Workers involved with Kellogg’s boycott and strike will be replaced, the company said in a statement on Dec. 7. The decision came after the union for the striking workers rejected a tentative agreement for a new five-year contract.
"After 19 negotiation sessions in 2021, and still no deal reached, we will continue to focus on moving forward to operate our business," said Chris Hood, the president of Kellogg North America. "The prolonged work stoppage has left us no choice but to continue executing the next phase of our contingency plan including hiring replacement employees in positions vacated by striking workers."
Temporary employees have already been in place at the four Kellogg’s locations in Battle Creek, Mich., Lancaster, Pa., Memphis, Tenn., and Omaha, Neb. Kellogg spokesperson Kris Bahner told Reuters that new hires are expected to start soon.
"While certainly not the result we had hoped for, we must take the necessary steps to ensure business continuity," Hood said.
About 1,400 Kellogg employees are on strike.
Kellogg Company employees at four U.S. locations walked off the job on Oct. 5 after the contract between the BCTGM (Bakery, Confectionery, Tobacco Workers and Grain Millers) International Union and the company expired.
The striking workers were looking for a fair contract that provides a living wage and good benefits. Company and union officials negotiated on a new contract for weeks before the strike but couldn’t come up with a compromise.
When negotiations broke down, union officials said they were concerned that Kellogg wanted to create a permanent two-tier system that doesn't offer a path to full benefits and pension, get rid of 100 percent healthcare and cost-of-living adjustments, and move production to Mexico, Canada, or South America.
Kellogg officials dispute the union’s claims.
However, in an Oct. 12 presentation outlining the “Cereal Negotiations Myth and Fact,” Kellogg officials denied that they were planning to move jobs to Mexico.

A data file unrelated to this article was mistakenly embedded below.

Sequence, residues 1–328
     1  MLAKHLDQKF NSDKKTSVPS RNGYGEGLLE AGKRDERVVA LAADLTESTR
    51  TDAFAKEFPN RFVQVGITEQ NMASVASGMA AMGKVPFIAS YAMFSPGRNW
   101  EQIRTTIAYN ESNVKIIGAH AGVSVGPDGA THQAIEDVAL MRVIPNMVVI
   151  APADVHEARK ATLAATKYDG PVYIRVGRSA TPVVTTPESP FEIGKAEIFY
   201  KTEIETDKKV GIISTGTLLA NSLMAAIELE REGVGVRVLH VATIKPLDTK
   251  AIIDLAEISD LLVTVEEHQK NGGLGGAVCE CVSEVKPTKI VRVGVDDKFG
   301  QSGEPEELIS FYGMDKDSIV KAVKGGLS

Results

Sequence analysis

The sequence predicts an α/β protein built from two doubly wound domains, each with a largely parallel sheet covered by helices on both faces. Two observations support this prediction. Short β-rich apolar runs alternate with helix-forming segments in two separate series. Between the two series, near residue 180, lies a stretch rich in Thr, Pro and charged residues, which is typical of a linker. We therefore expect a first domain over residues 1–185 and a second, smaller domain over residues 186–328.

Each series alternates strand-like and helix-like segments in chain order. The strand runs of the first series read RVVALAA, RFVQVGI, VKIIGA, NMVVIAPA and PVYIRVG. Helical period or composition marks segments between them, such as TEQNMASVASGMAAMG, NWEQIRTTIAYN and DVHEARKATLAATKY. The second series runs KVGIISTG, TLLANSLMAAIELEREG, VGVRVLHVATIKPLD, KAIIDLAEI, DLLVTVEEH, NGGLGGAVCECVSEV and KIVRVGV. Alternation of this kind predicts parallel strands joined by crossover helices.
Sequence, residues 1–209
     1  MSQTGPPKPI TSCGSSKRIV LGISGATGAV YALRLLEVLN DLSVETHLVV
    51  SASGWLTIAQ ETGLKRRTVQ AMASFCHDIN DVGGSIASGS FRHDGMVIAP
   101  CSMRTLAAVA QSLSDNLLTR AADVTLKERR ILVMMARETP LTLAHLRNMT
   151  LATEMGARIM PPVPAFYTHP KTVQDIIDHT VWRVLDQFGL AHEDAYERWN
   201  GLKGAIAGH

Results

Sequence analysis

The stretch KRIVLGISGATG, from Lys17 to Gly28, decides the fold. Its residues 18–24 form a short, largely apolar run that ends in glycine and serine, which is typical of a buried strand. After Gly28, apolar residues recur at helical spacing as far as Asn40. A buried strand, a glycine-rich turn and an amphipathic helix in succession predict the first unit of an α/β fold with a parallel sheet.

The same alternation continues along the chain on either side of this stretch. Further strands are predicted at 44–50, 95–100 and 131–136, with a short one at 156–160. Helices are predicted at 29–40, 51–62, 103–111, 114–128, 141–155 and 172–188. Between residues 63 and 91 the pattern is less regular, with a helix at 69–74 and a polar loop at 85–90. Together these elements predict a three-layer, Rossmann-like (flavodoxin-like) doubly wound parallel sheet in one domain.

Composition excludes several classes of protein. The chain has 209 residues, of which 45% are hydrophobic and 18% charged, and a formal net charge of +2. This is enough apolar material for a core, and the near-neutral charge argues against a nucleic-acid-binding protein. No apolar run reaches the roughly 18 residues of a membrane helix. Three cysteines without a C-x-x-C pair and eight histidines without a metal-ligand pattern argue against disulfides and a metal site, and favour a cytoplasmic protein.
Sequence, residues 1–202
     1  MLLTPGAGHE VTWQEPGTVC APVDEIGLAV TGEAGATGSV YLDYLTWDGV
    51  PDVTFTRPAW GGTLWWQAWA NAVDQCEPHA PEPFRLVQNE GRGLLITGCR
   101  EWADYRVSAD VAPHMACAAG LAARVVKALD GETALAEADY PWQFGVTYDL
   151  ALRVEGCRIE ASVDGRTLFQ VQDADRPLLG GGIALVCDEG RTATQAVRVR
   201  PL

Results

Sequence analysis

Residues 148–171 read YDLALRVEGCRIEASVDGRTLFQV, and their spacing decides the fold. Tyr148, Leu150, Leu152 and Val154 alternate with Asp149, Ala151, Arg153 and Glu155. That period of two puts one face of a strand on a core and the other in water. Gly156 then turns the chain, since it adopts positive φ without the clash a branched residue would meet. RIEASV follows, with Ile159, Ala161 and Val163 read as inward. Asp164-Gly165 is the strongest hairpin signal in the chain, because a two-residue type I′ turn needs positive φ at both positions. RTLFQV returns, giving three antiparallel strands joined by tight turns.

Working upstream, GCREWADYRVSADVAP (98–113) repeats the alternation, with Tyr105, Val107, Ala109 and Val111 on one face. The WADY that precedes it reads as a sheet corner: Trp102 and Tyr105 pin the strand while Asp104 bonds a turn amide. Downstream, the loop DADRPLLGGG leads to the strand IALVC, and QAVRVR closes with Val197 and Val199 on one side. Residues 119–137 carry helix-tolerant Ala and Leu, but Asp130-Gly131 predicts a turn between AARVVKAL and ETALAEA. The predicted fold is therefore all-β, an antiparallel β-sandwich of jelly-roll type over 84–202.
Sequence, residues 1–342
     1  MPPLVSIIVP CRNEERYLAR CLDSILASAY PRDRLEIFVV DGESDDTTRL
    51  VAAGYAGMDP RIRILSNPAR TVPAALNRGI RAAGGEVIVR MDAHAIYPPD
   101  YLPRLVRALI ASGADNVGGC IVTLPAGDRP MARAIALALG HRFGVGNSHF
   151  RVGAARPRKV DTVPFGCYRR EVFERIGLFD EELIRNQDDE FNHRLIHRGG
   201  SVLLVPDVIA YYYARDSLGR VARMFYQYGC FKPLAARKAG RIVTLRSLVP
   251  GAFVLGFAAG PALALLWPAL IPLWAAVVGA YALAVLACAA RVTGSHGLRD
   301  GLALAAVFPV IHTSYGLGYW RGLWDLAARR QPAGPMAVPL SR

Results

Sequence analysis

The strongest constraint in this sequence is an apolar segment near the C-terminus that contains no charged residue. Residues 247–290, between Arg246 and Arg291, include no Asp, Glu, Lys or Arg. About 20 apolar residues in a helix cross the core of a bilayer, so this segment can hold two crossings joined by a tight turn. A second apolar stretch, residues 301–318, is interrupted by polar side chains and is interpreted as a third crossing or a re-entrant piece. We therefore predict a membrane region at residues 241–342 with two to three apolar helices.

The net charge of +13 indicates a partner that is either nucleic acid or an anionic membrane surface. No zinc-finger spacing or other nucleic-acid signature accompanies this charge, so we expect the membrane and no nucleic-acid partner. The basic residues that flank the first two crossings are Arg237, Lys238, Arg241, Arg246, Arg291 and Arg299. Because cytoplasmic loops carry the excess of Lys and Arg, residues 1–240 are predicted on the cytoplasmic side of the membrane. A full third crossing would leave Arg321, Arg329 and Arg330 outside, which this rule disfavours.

“We have not proposed moving any cereal volume or jobs outside of the U.S. as part of these negotiations,” the presentation states.
The company also rejected the claim that employees don’t make a living wage. The average earnings in 2020 for most of the hourly cereal employees was $120,000 with more than a third of employees making between $120,000 and $200,000, Kellogg officials state in the presentation.
The union rejected several offers.
Union representatives have reportedly rejected six offers by the company. Changes included in the five-year agreement the union rejected this week were a 3 percent increase in wages for long-time legacy employees and “substantial” increases based on years of service for transitional workers and new hires. The rejected agreement also included benefits for all employees.
Kellogg said that there won't be more negotiations.
Kellogg officials say that no more bargaining is scheduled with union representatives, Reuters reports.
Union officials pledged to continue to provide full support for the striking Kellogg workers.
“The BCTGM is grateful for the outpouring of fraternal support we received from across the labor movement for our striking members at Kellogg’s. Solidarity is critical to this fight,” said BCTGM International President Anthony Shelton in a statement.